Though Sabra could have become a positive portrayal of an Israeli woman in comics, her character is often written into stories where she ends up being a threat &/or exercises poor judgement. It's unclear whether this is just an unfortunate coincidence -or- whether this reflects how Marvel's writers feel about women, in general -or- whether this reflects how they feel about Israel & Israelis. Perhaps it's a bit of each.
Ruth Ben-Sera changes into Sabra to pursue the Hulk

Buy The Incredible Hulk #256

The incidence and usage of Mossad agents in comics is similar to that of Israeli superheroes - they are usually simply guest characters who help foil the plans of the "evil Arabs". In several stories, the writers choose to make the agents female.

Among the Mossad agents introduced during the '80s are :

"Rose" (Punisher #7 March, 1988)
Rose Kugel and Frank 'The Punisher' Castle watch a video made by an Arab  terrorist

Buy Punisher #7

Rachel Elazar (Jon Sable Freelance #22-24, 1985, reprinted in The Complete Jon Sable Freelance Volume 5 (IDW, 2005)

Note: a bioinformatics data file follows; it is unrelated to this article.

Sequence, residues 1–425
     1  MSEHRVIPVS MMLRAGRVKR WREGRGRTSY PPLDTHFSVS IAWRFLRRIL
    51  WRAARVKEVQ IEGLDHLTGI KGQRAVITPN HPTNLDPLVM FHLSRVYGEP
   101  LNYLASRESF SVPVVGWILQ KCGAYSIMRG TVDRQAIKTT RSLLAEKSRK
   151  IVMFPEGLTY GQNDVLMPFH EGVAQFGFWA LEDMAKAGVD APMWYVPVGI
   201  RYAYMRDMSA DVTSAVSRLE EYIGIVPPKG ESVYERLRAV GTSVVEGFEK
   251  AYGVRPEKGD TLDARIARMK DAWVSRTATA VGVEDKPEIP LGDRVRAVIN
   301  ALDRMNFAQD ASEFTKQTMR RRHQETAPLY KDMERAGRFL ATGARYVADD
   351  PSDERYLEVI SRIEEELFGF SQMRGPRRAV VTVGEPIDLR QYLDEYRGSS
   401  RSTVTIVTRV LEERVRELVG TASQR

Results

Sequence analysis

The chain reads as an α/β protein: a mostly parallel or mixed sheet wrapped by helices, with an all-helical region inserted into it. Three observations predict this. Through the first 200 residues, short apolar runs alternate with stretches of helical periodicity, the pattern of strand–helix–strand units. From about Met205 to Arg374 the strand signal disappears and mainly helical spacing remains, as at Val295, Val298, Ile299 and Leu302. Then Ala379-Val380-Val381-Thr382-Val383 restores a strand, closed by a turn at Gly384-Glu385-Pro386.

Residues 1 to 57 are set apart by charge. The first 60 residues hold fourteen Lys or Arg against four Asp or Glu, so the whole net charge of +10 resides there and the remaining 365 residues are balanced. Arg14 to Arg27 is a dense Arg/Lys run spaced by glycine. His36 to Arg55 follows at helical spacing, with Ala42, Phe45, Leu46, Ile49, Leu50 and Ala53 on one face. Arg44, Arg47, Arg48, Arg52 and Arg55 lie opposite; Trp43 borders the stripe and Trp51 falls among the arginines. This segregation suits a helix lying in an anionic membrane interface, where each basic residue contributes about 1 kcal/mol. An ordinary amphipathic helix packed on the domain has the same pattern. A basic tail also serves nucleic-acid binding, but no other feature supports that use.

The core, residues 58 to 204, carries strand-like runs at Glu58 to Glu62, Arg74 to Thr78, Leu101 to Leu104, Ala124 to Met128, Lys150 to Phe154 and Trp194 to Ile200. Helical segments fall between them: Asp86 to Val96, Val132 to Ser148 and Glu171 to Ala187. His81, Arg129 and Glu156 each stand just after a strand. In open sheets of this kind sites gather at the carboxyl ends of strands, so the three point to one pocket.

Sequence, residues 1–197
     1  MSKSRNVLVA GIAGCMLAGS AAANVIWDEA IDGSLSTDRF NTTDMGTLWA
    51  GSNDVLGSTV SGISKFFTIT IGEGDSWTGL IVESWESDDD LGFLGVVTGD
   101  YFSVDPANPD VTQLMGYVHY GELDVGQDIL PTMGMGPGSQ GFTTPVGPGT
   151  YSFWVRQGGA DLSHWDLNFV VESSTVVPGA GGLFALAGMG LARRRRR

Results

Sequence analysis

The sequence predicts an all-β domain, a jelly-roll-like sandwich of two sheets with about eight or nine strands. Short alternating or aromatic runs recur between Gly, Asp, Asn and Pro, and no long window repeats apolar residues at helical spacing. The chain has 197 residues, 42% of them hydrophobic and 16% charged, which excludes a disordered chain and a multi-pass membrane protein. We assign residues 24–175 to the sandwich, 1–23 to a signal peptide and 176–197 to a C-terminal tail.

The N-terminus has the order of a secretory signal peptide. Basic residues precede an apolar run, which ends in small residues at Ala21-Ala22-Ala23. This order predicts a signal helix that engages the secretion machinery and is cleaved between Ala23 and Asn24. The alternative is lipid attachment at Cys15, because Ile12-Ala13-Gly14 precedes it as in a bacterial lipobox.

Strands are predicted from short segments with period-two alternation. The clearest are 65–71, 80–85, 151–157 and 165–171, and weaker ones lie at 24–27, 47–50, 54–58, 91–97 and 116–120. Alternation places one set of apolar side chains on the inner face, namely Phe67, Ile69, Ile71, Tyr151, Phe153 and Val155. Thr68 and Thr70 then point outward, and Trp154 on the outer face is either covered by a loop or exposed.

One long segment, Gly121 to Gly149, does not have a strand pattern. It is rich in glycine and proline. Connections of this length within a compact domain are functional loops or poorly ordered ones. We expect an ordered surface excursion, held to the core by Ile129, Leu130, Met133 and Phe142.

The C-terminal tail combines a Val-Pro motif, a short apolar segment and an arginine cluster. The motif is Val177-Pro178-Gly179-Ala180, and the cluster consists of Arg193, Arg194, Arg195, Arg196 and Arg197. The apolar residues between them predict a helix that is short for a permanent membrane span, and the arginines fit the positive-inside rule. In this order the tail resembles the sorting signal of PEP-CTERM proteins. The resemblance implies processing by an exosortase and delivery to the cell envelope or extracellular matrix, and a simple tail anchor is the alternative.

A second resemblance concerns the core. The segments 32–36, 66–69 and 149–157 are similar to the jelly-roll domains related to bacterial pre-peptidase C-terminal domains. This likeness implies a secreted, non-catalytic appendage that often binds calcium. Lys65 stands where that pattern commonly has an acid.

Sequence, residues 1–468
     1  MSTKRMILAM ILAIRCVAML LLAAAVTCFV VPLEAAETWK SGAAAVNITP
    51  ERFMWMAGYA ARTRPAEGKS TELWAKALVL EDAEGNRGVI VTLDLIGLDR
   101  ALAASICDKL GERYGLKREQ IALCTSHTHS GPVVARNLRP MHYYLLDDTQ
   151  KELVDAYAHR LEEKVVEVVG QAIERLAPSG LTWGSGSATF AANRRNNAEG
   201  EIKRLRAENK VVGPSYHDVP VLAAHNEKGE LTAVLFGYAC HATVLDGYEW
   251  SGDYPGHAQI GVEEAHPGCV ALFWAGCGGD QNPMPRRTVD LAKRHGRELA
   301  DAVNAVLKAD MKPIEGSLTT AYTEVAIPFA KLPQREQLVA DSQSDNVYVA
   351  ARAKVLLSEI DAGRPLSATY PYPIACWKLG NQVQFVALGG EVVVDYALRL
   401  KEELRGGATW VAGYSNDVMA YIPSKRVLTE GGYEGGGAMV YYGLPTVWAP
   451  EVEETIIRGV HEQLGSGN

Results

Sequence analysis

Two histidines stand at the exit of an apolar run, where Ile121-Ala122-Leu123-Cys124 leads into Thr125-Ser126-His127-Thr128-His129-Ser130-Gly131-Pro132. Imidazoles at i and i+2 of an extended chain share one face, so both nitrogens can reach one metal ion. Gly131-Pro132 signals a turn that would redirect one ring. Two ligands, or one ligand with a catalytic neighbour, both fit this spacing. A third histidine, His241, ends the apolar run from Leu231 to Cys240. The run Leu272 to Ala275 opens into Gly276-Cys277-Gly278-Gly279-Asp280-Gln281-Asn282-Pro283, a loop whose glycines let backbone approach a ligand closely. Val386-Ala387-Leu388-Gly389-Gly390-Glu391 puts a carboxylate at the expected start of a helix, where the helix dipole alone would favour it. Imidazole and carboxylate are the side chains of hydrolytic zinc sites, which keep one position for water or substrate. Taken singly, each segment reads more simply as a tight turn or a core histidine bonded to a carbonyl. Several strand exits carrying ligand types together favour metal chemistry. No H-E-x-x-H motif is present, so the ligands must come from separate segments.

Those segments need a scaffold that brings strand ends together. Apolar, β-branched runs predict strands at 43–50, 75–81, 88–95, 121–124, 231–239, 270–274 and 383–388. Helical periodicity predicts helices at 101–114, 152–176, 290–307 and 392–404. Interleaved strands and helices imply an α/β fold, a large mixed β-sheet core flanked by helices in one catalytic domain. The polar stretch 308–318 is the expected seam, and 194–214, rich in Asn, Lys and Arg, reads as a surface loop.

Jon Sable surprises Rachel Elazar

Buy Jon Sable Freelance #22 #23 or #24

Buy The Complete Jon Sable Freelance Volume 5

Beth Stein (Cloak and Dagger #11 March 1987)
Beth Stein, on the trail of her child's killers

Buy Cloak and Dagger #11

Sharmin Rosen (Batman #426 Dec. 1988)
Sharmin Rosen saves the Batman from getting shot by a sniper

Buy Batman #426

Yousuf Tov (Super-Villain Team-Up #16 May 1979)
Yousuf Tov, pampered prisoner, protests his situation

Buy Super-Villain Team-Up #16

an unnamed group of agents (Justice League of America #226 May 1984)
Mossad agents try to capture Lord Arsenic in Egypt

Buy Justice League of America #226

Jacob Ram (Mark Hazzard : Merc #3 Jan. 1987)
Mark is angry, having learned how he was being manipulated by Jacob

Ibrahim and a group of Sephardic agents (G.I. Joe Special Missions #2 Dec. 1986). It should be noted that depictions of black Israelis and Sephardic Jews are rare in comix.
Ibarahim and his team meet the G.I. Joe team en route to the safehouse of Dr. Otto Totenschadel (a Naxi in hiding)

Buy G.I. Joe Special Missions #2

In the short piece, "Casting Stones" (World War 3 Illustrated, reprinted in The Mammoth Book of Best War Comics, Carroll & Graf, 2007, p. 511-512), Eric Drooker both compares King David's slinging a rock at Goliath with the rock-throwing of Palestinian youth during the Intifadah and suggests that "King David" (Israel) has turned into a giant "Goliath" due to its greater military strength compared to the Palestinians living in the occupied territories.
David kills Goliath with a stone and eventually becomes the king

King David doesn't like stones being thrown at him

Buy The Mammoth Book of Best War Comics